October Overlook Madness #31 – Valkoinen peura (1952)


Welcome to Halloween. Finally this madness is ending and we can all give out a puff of total relief, as we turn another page in this book of horror marathons. Today we jump from 1951 to 1952, and we take a look at this strange and weird Finnish film. Why do we do this? On the last day of the Cinemassacre’s Monster Madness they decided to talk about ways of celebrating Halloween, and you can watch it here. As I’ve said before, this has been a wonderful year for this marathon of films, and I’m glad of the result, after what apparently is the last year that the CMM will be done in this classic way. We will find a way though, nothing is lost, you’ll get me talking about 31 horror films next year one way or the other. So, what did I think of our last film? Let’s see. Remember that after this last review we do a ranking of the 10 best and the 5 worst films that we had the pleasure to review, so stick around!

This is more than anything else, more than a horror film, more than a fantasy film, a look at a culture that you’d otherwise never know about. This Finnish work even won a Golden Globe for best foreign film, and it remains to be one of the few genre films to get a shot at this award in any “official” awards show, even though this isn’t quite that attached to the horror genre. In a way it reminds you of classic fables of “being careful what you wish for”, and it mostly follows the same structure and even the same kind of ending that has pervaded the entire cultural spectrum, with examples in Japan, United States, and even in Chilean culture. A woman wants to be desired by her husband, and maybe more people, and thus she finds herself asking the shaman of her village to make her more attractive, what happens is that the shaman tells her that she has to go with a concoction that he has created to the totem nearby and ask for that favor. It is then that he is turned into a white reindeer, one of the most beautiful and desired animals by the members of the community, and thus she becomes the most desired among the men. But it does come with a twist that is maybe a cultural element that I can’t understand: the curse/blessing also comes with fangs, that’s right, she not only becomes a white deer at certain moments, she also grows fangs and attacks the men sucking their blood. It makes up for a strange and alien concept that mostly works, but the fact that is an age old tale about being careful what you wish for, it’s somewhat predictable, and thus less exciting. The cinematography is primitive, but it does bring the white of the snow and the contrast between the animals and the landscape quite the incredible look, so besides the limitations, this is a very good looking movie, one of those obscure gems that if you’re looking for a new country to be represented in future lists, you can always turn to this Finland creature feature.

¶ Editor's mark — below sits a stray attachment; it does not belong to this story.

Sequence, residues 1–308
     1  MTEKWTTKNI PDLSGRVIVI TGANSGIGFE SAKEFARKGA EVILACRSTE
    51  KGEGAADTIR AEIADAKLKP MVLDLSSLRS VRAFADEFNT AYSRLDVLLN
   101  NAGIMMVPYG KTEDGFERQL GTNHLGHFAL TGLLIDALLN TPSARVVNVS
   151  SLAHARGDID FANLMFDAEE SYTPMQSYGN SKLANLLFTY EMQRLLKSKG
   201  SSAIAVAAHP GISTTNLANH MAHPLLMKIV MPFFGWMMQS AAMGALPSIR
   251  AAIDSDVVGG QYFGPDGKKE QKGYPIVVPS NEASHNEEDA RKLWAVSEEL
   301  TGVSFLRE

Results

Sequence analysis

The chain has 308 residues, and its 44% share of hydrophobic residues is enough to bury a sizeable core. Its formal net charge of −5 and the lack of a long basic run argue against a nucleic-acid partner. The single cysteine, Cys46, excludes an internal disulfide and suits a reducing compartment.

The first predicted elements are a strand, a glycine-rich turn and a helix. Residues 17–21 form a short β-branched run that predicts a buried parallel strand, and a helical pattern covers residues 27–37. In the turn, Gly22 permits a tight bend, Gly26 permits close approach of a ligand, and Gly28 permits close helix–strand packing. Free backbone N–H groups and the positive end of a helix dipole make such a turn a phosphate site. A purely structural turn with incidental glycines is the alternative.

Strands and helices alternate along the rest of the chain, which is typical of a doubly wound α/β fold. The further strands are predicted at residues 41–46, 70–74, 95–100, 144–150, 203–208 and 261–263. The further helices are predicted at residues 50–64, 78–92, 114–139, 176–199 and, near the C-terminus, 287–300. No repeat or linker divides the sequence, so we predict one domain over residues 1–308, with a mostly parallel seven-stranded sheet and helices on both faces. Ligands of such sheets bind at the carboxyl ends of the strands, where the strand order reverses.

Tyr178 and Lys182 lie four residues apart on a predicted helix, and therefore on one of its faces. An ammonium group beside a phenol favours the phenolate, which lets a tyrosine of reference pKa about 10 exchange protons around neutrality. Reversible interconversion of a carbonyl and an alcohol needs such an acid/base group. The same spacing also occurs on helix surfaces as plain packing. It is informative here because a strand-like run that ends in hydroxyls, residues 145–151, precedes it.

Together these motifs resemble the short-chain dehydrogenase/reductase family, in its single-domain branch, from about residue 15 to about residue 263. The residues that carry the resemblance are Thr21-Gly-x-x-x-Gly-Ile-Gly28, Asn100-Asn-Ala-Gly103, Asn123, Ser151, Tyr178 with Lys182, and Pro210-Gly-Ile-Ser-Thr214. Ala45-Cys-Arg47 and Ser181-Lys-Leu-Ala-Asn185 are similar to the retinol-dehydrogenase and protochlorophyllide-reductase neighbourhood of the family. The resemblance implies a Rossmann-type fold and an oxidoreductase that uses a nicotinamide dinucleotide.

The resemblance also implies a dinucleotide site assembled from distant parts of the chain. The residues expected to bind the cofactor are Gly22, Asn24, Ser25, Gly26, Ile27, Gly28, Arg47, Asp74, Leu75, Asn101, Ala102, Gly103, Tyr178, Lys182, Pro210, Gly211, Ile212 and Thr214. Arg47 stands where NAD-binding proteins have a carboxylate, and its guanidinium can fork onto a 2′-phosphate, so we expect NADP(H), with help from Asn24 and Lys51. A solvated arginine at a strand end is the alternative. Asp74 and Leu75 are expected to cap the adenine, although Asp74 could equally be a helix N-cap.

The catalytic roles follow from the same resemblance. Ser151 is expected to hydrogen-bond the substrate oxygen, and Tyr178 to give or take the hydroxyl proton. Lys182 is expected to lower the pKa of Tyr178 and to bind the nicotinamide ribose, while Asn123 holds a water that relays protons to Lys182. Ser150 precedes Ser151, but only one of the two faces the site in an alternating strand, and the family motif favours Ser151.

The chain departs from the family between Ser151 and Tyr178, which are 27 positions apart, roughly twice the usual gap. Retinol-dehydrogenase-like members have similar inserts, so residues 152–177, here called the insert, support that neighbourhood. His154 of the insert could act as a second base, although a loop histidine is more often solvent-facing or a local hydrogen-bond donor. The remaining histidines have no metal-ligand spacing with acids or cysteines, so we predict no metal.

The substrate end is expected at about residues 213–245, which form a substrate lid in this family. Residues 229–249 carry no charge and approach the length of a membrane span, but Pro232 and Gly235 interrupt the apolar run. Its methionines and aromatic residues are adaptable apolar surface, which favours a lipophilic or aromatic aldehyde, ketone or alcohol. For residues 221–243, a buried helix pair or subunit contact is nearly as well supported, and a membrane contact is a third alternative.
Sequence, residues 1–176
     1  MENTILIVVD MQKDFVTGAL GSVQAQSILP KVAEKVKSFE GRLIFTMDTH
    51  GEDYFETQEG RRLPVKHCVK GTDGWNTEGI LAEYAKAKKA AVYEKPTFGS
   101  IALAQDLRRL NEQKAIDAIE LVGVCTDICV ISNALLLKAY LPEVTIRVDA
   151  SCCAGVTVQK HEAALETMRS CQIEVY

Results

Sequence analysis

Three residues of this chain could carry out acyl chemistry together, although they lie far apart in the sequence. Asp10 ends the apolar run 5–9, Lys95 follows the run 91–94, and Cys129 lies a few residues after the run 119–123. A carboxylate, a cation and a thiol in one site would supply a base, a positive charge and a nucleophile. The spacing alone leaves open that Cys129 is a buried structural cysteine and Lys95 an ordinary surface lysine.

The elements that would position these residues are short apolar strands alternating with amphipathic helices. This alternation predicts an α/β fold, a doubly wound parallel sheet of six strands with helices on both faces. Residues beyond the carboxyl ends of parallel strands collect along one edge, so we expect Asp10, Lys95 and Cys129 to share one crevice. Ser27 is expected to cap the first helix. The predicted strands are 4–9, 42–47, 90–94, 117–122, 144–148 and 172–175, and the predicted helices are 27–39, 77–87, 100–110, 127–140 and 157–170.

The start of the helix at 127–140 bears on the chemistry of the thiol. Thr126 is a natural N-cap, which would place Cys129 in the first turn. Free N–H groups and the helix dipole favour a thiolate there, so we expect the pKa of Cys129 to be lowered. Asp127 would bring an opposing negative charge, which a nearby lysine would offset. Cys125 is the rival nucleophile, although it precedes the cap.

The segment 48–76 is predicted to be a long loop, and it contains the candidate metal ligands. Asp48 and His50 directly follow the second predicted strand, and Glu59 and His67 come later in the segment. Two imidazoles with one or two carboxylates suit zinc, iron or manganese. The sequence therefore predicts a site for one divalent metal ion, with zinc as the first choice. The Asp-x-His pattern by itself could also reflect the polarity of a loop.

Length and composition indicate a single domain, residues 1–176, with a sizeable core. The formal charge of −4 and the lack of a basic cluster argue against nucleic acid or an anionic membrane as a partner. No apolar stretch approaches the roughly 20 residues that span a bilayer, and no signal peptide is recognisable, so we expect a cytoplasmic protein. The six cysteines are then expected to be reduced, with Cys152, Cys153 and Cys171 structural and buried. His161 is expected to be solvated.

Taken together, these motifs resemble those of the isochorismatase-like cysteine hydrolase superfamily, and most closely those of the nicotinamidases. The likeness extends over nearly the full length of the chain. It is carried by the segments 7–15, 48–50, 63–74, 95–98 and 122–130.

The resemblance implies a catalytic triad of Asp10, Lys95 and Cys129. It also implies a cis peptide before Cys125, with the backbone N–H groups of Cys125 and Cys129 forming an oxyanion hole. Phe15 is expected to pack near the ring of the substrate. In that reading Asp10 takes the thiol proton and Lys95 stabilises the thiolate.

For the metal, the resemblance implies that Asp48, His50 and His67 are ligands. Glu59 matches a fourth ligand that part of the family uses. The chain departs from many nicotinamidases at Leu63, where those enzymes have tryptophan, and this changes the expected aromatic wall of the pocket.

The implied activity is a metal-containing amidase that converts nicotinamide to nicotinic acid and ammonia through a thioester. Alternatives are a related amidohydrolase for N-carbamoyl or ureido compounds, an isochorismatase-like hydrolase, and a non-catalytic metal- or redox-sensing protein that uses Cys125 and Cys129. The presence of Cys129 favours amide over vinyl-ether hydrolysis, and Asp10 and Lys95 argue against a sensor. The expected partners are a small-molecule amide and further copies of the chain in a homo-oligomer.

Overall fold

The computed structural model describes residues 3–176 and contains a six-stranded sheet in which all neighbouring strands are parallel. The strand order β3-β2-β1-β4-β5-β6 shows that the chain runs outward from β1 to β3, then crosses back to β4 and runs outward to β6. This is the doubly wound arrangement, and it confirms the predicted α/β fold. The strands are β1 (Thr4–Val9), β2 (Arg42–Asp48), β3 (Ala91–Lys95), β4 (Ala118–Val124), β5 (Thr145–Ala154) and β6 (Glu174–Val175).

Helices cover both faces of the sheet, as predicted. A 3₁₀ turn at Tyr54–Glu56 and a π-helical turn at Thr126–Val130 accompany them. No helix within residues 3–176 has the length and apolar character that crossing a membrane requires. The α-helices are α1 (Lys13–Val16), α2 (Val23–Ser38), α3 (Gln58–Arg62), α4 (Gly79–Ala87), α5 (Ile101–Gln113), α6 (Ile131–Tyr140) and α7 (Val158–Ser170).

That’s all! So, let’s see how it all went down in 2015.

10 Best Films Reviewed in October Overlook Madness 2015

  1. Les yeux sans visage (1960, Georges Franju)
  2. Peeping Tom (1960, Michael Powell)
  3. The Innocents (1961, Jack Clayton)
  4. Le sang des bêtes (1949, Georges Franju)
  5. Jacob’s Ladder (1990, Adrian Lyne)
  6. Funny Games (1997, Michael Haneke)
  7. American Psycho (2000, Mary Harron)
  8. Sombre (1998, Philippe Grandrieux)
  9. Frankenhooker (1990, Frank Henenlotter)
  10. The Last Man on Earth (1964, Ubaldo Ragona, Sidney Salkow)

And the 5 Worst Films Reviewed in October Overlook Madness 2015

  1. The Wasp Woman (1959, Roger Corman, Jack Hill)
  2. Lost in Detroit (2013, Jeff Moore, Benjie Solorzano)
  3. Frankenstein Unbound (1990, Roger Corman)
  4. Paper Rock, Scissors (2011, Heather Wixson)
  5. Night of the Lepus (1972, William F. Claxton)

I mean, if the least worse film of this year managed to make me put out an 18 minute video, I guess it was a good year, what do you think? Happy Halloween!



One response to “October Overlook Madness #31 – Valkoinen peura (1952)

  1. As I remember it, it’s an interesting look at a way of life not often depicted on screen, and it looks good, but the narrative is a bit rickety and thin. I don’t think the running-time is much longer than an hour; not enough room to develop the story.

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